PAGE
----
McCosh on NomPred

From the Princeton Alumni Weekly on 2/4, an entertaining note from the 1/25/46 PAW:

(Background on James McCosh, from Wikipedia: “James McCosh (April 1, 1811 – November 16, 1894) was a prominent philosopher of the Scottish School of Common Sense. He was president of Princeton University 1868-1888.”)

At issue is the choice between (1) It is I (which some usage writers have insisted is the only correct version) and (2) It’s me (which these writers insist is just ungrammatical) — between a nominative predicative (NomPred) 1sg pronoun and an accusative predicative (AccPred) one. These writers stipulate that predicative pronouns must always be nominative; AccPred pronouns are vulgar errors, in their opinion.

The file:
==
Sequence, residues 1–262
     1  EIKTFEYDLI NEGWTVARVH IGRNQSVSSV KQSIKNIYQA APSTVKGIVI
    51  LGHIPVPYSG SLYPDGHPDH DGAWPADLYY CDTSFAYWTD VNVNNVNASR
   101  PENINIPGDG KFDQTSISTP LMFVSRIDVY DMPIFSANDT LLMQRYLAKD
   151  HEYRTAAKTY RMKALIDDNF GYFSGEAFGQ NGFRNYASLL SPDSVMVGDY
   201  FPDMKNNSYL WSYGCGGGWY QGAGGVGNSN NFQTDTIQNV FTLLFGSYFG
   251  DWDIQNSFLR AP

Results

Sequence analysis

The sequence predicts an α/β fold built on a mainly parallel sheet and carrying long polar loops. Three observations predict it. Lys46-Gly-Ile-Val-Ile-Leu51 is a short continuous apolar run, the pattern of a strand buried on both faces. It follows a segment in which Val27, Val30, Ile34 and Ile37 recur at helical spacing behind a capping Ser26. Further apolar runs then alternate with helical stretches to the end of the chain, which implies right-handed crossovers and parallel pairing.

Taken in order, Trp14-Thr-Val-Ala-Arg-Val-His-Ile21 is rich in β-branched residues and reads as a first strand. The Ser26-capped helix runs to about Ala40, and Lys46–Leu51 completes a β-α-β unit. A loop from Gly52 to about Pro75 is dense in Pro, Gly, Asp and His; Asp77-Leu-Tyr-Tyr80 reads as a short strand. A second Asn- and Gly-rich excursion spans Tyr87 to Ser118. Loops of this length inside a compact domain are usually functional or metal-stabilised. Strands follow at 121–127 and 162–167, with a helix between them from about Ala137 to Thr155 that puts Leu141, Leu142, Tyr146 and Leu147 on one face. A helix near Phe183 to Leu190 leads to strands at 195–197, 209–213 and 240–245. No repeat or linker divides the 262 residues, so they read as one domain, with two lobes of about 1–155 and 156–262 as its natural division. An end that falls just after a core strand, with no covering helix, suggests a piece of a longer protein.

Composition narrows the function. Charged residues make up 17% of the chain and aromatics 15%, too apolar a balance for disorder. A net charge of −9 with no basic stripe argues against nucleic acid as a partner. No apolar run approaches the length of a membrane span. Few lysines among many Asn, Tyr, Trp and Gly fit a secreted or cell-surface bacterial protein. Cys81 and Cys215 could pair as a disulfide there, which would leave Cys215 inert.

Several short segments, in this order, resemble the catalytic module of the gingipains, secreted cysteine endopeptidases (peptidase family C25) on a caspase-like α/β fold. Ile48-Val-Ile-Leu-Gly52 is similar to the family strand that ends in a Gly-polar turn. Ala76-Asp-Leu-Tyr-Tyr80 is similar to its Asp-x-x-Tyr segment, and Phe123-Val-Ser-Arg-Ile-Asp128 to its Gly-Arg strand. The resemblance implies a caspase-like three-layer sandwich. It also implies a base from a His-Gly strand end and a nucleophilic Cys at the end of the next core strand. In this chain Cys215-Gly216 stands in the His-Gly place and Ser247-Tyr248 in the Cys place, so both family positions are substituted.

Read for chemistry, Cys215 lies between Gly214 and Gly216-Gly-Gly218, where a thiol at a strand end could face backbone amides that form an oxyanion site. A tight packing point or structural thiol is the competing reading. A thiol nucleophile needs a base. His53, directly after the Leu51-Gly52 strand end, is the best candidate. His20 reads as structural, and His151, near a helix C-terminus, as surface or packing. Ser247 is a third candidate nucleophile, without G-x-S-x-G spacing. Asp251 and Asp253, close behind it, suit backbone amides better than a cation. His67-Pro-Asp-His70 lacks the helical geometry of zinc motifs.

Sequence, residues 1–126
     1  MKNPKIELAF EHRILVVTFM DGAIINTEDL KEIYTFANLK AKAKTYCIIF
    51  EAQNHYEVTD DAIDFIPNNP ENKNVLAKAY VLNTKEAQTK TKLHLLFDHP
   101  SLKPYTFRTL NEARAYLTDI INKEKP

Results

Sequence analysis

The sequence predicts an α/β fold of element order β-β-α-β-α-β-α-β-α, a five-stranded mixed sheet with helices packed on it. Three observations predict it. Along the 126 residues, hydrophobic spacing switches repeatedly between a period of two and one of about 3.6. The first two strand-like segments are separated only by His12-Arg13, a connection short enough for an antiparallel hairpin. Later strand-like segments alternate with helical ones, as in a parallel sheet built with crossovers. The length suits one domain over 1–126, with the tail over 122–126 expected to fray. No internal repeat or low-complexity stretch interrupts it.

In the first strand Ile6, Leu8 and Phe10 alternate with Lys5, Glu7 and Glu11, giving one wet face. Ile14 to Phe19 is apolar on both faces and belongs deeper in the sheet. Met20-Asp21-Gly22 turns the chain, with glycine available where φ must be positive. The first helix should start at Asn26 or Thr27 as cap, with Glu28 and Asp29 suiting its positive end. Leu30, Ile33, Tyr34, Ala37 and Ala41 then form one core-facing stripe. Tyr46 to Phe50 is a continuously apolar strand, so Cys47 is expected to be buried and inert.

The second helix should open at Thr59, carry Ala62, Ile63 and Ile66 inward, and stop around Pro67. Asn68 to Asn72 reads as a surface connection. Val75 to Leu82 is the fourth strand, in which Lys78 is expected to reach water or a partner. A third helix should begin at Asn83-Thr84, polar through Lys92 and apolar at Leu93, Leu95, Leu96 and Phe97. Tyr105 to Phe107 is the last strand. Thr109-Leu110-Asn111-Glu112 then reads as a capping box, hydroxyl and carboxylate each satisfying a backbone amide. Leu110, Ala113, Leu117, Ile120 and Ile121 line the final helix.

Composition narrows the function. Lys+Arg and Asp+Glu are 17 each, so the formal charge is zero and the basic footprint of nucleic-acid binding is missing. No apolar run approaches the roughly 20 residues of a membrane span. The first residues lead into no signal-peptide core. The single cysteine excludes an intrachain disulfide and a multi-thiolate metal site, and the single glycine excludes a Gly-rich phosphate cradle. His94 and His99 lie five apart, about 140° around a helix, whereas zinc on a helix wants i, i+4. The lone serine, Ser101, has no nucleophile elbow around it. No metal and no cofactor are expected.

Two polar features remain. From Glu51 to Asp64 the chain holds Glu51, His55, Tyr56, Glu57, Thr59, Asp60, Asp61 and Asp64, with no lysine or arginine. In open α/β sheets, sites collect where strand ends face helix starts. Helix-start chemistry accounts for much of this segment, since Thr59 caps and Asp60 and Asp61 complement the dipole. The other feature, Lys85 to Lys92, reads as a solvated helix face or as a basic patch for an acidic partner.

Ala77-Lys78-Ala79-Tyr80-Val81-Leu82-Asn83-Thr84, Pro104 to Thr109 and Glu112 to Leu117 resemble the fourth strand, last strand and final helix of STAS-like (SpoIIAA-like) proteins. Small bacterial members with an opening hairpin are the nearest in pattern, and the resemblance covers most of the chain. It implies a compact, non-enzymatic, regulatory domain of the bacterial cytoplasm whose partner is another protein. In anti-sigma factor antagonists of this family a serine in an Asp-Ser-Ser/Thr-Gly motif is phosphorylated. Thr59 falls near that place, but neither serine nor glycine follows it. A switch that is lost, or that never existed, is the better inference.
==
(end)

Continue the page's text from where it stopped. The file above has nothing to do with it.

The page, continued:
Some actual facts:

(2) has been grammatical for a very long time, though some authorities judge it to be informal in style. There was nothing wrong with President McCosh’s choice.

(1), on the other hand, is decidly formal in style; I have described it, in a 12/2/14 posting, “Getting it all wrong”, as “essentially a hyperformal idiom”.

Indeed, NomPred pronouns outside 1sg range from edgy in grammaticality (It is he) to absolutely ungrammatical (It is we). Even many 1sg examples — That’s I in the photo — are ungrammatical. See discussion in the “Getting it all wrong” posting.

The generalization is that English predicative pronouns are accusative, period, with some allowance made for the specific example (1) and a few others modeled directly on it as phenomenally formal alternatives.

So let’s hear a cheer for President McCosh and his NomPred!

One Response to “McCosh on NomPred”

  1. chrishansenhome Says:

    Whenever I answer the phone and someone asks, “May I speak to Mr Hansen?” my answer is, “This is he.” I prefer this to “Speaking.”

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